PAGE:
a multicultural History of Australia

Making multicultural Australia

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Commentary on: Colonial Queensland »

Prof Andrew Jakubowicz.

Text Commentary

The first recorded contact by Europeans with Queensland was by the Dutch ship Duyfken in 1606 near Weipa on the Gulf of Carpenteria. In 1770 Captain Cook's ship Endeavour was holed off the North Queensland coast and put up for repairs near what is now Cooktown. By the time Mathew Flinders came across Indonesian trepang (sea cucumber) gatherers in northern Australia in 1803, the northern part of the country was already well known in Asia, with many established trading and familial links with the Indigenous peoples of Australia and the Torres Strait.

British Queensland was originally established in 1824 at Moreton Bay, as an outpost punishment centre from the colonial headquarters in Sydney. Later in the century, in the wake of the Irish potato famine, many thousands of Irish emigrants went to Queensland, which became the 'most Irish' of the colonies. They were followed by survivors of the European uprisings of 1848. When Queensland was created as a separate colony in 1859 it was already a thriving agricultural society. British, Scandanavian and German farmers and pastoralists often employed lowly-paid Chinese, Indian and other non-European labourers.

The first governor, George Bowen, whose wife was Italian from Greece, saw the north of Queensland being opened up through the employment of bonded Asian workers, and through trade with Asia. Yet it would be gold rather then trade that would trigger development, and draw a population from every part of the globe.

The Palmer River gold rush in northern Queensland was an overwhelmingly Asian affair. By 1877 Chinese outnumbered Europeans 17000 to 1400 on the Palmer, working under indentures or carrying heavy loans they had to repay. The colonial government responded quickly to their numbers and successes– restricting Chinese access to new fields. Within a decade widespread anti-Chinese legislation was developed, and anti-Chinese leagues established; these were to be the precursor to Australia-wide legislation.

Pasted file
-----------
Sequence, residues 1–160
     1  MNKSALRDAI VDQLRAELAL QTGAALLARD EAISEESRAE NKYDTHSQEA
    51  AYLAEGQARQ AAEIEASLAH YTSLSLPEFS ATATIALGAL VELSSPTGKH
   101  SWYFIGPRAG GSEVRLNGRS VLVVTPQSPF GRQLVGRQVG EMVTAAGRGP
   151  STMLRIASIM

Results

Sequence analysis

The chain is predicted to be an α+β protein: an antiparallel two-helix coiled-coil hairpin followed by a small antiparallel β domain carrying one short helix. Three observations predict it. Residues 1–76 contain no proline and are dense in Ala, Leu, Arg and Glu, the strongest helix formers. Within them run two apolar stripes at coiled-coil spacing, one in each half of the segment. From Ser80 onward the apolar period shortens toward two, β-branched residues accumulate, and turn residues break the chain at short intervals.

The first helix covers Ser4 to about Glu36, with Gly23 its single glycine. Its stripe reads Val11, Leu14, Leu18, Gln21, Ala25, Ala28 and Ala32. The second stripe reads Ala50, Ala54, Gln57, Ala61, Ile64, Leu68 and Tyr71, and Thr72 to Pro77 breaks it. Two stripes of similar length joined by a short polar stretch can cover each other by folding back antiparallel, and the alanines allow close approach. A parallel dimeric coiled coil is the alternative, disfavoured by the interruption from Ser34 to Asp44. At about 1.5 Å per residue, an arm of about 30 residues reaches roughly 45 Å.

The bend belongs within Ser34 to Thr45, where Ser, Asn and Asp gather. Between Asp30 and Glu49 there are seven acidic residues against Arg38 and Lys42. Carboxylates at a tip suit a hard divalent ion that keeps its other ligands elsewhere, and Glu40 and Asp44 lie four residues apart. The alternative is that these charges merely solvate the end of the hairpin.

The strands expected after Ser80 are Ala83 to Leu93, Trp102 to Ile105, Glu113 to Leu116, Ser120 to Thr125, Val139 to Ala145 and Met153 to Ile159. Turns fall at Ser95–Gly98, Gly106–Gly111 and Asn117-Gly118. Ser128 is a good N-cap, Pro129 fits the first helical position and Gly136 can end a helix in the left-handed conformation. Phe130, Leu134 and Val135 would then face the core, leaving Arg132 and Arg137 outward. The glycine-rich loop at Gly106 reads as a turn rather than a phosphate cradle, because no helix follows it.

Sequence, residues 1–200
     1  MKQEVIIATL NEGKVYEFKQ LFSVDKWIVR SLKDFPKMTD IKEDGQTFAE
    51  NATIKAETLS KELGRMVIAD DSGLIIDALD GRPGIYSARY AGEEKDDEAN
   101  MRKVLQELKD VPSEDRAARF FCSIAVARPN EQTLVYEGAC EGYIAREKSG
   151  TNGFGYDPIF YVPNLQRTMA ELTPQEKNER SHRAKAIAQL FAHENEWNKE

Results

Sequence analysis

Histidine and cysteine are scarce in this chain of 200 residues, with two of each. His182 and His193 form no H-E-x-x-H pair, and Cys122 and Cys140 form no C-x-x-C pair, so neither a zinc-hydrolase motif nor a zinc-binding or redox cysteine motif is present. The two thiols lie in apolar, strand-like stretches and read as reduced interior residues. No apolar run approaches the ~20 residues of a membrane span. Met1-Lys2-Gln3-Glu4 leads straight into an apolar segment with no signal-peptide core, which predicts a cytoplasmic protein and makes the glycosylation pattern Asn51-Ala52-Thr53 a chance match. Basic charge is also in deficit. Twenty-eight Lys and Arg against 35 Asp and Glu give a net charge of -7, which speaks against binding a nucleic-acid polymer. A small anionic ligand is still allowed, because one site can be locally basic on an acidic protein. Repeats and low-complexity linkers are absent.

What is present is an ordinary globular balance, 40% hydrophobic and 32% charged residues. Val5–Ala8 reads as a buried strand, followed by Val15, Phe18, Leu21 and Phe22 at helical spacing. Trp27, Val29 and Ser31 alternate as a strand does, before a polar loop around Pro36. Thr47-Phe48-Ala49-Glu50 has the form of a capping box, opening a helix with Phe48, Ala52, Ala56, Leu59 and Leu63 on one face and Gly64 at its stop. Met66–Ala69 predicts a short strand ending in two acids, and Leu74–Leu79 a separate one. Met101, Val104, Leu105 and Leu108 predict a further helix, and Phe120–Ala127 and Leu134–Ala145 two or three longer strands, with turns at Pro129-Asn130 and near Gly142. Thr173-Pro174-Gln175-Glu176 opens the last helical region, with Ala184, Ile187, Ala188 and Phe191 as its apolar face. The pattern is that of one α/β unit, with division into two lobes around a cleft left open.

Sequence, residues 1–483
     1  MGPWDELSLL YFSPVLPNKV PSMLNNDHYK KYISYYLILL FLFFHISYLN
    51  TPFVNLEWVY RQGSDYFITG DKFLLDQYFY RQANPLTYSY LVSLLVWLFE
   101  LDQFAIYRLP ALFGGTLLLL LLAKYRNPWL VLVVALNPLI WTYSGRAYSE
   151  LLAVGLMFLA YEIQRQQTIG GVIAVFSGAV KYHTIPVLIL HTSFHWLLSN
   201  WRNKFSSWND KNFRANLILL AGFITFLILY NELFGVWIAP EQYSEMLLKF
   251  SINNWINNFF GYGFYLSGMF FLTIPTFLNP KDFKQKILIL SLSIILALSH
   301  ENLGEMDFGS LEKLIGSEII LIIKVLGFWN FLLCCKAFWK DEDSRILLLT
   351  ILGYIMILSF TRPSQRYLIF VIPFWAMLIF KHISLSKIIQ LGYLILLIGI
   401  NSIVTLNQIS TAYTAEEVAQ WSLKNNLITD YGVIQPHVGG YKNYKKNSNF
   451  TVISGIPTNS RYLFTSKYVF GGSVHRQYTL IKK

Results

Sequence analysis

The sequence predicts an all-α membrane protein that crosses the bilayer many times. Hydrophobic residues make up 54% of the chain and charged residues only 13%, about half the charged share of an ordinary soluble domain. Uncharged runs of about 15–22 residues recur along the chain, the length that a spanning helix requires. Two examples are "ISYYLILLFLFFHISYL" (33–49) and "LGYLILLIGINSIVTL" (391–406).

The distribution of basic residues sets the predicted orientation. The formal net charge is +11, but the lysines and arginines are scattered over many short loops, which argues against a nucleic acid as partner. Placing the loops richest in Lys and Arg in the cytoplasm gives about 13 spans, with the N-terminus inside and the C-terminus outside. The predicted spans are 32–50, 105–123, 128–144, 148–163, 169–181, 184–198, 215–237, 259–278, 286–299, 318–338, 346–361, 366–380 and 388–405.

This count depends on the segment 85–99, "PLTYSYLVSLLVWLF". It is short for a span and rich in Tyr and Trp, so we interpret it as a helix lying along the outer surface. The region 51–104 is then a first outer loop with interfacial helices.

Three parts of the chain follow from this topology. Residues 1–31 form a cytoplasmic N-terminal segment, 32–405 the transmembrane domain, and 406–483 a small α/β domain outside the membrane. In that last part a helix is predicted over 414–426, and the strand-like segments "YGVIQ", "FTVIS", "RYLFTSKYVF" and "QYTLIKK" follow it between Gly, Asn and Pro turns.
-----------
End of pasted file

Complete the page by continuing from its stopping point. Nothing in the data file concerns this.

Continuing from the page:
Japanese workers became an important part of the Torres Strait pearl-shell industry after 1868. They were also widely employed in the sugar industry. Both these industries also drew in migrant workers from the South Pacific. Known as Kanakas or South Sea Islanders, they were indentured to work on sugar plantations in quasi-slave-like conditions, until their banning in 1902 under the White Australia laws.

Assisted migration flourished up until the economic downturn of the late 1880s, with some 100,000 migrants entering the colony from 1879 to 1888. Assistance was given to British, Irish, Scandanavian and German immigrants. At Federation Queensland was the most culturally diverse colony in the new nation, though its public policies were Anglo-conformist.

All across northern Australia, central Asians – people from what is now Afghanistan and Pakistan – piloted camel trains loaded with construction gear, merchandise and foodstuffs to isolated communities that the railways had yet to reach. Travelling merchants from the Levant (Syria and Lebanon, then part of the Ottoman Empire) took goods to newly emerging communities, and established (along with Chinese and Jewish traders) many of the rural stores that would exist for generations.

The Torres Strait, its Indigenous population located amidst the sea 'highway' connecting the Pacific with the Indian Oceans, soon became an extraordinarily diverse community. Besides the Melanesian links of the Indigenous peoples, there were shell divers from the South Pacific, from Japan, and from Malaya. Ambonese, Macassans, and many other groups from what is now Indonesia also settled in the Straits.

Queensland also attempted to be a colonial power in its own right – pushing its borders far into the Torres Strait. Queensland sought to force the British claim to New Guinea as a means to protect the north of the colony from the encroachments of the German Empire, with its colony in northern New Guinea. As well the island could provide more resources and opportunities for plantations.

Queensland within a generation of its foundation was both colony and coloniser, with a multicultural population but a fiercely White British political culture. This contradiction would not be addressed for another five generations, in the new millennium.